The first Panzerchrist song I heard was Suicide from the Room Service Album. I clicked on it mainly because of the name Panzerchrist, which is fucking glorious and my balls were immediately blown off from the sheer heaviness of the band. A decade and two albums later, the band are now releasing their seventh studio album – 7th Offensive, via Listenable Records.
One of my favourite elements of Panzerchrist is how melodic the guitar solos are in contrast to the brutality of the background music. I wasn’t disappointed here, which you’ll soon see from the overuse of the words “atmospheric” and “melodic.” My other favourite element is how powerful the drums sound in headphones, Panzerchrist have always had an excellent mix and this time around is no different.
I’ll be honest; I didn’t understand a word of the vocals this time. He could have, for all of my knowledge, been singing about bunnies for half an hour. But this doesn’t matter one bit, when you want to hear lyrics and stories about war, you have Sabaton, when you want to hear brutality about war, you have Panzerchrist.
The overall tone of the album is slightly bleaker than previous outputs, with certain effects making for slightly uncomfortable listening. In The Name Of Massacration being a prime example, with an unsettling distorted screaming coming in the background towards the end. The use of effects opens the album as well as a radio broadcast of an unknown voice reading out phonetic letters plays before the melodic sweep fest from the guitar.
Dogger Dead – opening with a dog barking and a man demanding it to kill – again features use of outside effects to add to the music. This is perfect in that it gives the listener more perspective as to what the song is actually about. Dogger Dead itself is a slight departure from the usual death metal sound with a grind influence and a shorter time scale (it clocks in at just under one minute and fifty seconds).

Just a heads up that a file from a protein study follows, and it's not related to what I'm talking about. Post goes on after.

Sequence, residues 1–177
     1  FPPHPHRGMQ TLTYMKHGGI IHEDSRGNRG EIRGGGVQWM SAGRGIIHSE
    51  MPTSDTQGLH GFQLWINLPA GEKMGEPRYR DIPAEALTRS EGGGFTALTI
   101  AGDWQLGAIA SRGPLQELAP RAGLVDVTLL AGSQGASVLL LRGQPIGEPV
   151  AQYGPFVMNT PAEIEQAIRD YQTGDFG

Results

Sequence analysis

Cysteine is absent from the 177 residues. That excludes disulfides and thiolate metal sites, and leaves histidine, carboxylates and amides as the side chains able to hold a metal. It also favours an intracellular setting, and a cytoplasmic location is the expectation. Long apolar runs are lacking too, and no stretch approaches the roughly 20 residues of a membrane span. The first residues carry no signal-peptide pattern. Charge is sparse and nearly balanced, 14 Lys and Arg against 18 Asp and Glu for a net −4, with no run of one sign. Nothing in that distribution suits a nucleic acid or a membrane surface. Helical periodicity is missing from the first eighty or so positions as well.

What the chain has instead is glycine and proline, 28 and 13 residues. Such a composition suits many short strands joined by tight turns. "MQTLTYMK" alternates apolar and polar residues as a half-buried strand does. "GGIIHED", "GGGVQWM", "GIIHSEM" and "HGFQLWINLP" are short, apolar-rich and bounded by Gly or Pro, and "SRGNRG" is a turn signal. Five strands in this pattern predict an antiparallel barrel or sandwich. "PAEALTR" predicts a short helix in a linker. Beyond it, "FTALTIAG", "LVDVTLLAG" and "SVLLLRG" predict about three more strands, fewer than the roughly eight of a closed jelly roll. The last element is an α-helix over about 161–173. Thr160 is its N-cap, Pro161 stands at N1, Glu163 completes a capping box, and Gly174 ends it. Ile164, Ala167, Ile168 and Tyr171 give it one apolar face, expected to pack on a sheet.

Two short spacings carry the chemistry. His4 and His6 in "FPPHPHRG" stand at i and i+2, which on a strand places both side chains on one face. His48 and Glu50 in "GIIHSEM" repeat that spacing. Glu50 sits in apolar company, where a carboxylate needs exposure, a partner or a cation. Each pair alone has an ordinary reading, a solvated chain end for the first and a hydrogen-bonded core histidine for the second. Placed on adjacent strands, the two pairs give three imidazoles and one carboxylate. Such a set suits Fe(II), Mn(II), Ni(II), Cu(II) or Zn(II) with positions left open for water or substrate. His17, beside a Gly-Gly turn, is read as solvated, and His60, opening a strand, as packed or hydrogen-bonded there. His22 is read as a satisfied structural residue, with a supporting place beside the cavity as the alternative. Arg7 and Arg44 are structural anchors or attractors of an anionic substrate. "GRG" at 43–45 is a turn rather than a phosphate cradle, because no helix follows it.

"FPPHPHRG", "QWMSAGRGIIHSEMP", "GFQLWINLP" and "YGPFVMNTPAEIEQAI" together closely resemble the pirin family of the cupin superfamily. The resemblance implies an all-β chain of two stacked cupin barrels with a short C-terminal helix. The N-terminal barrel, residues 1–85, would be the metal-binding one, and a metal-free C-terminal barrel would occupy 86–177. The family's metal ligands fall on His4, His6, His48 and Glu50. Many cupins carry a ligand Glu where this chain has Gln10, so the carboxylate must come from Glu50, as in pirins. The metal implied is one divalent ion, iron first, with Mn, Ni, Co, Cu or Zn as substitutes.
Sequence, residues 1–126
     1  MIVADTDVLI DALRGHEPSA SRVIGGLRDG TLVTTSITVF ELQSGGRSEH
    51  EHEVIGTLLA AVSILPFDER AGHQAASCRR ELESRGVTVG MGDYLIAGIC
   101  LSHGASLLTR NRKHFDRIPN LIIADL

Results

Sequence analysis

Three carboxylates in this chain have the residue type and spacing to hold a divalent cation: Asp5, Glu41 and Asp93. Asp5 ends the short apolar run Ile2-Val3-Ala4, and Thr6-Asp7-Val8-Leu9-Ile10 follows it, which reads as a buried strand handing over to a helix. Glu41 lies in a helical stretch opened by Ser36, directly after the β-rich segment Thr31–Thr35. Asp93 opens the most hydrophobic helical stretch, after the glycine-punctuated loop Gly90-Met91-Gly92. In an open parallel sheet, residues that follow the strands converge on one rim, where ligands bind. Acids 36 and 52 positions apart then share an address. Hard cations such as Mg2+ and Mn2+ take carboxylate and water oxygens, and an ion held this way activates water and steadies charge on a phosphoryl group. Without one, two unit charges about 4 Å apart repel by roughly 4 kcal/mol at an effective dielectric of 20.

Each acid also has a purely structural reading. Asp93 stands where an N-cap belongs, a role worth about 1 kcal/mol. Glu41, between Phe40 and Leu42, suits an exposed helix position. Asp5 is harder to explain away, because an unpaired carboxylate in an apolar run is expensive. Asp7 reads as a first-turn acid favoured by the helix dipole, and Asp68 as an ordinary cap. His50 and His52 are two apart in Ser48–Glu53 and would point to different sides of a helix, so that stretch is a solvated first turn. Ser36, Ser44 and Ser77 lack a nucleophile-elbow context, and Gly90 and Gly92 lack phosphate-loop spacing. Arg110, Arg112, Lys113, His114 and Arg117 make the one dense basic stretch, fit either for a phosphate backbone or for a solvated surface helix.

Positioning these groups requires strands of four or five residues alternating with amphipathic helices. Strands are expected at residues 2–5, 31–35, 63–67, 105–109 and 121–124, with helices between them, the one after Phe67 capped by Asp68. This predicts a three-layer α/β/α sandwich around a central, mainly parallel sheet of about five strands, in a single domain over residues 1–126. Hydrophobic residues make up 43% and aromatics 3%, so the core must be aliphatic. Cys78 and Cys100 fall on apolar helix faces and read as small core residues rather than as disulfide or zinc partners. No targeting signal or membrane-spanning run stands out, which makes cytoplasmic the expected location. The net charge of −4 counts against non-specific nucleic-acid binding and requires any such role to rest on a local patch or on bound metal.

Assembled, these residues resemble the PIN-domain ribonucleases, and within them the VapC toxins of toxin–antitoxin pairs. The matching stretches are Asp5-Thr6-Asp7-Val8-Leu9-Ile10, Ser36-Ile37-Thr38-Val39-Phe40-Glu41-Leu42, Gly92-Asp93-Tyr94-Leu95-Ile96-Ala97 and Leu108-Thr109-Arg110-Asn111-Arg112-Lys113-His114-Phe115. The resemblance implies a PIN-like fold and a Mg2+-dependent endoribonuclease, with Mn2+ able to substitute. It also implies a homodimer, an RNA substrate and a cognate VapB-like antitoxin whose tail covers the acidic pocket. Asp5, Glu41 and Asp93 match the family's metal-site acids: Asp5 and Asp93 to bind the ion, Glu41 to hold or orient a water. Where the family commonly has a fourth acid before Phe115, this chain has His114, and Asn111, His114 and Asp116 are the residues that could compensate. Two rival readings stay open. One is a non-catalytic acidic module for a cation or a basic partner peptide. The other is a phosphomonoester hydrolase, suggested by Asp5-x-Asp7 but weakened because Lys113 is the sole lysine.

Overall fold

This leads on to what is in my opinion the strongest moment of the album. Mass Attack Of The Lychantrope Legion. With sounds ranging from death metal to black metal, it features a keyboard in the background to add to the atmospheric feeling. The first guitar solo is stunningly melodic while the overall tone somehow manages to be depressing yet optimistic with anger and joy, all at the exact same time.
While keyboard is prevalent among melodic death metal bands, bands like Panzerchrist have often steered away from it. The use of this instrument against a traditional death metal sound is a good touch; it allows them to create a more epic feel which complements the war theme. Kill For Revenge makes stronger use of the keyboards near its conclusion. Combined with the slower guitar solo line it really adds a new flavour to the music.
The album nods its head to the bands entire career, elements of their early materials sound are fused with those from Regiment Ragnarok. This might be to acknowledge their 20th anniversary as a band, or it might be pure coincidence, but 7th Offensive has a bit of everything and something for everybody (by everybody I of course mean death metal fans, if you’re looking for a band to convert your friends, Panzerchrist may not be the band for you).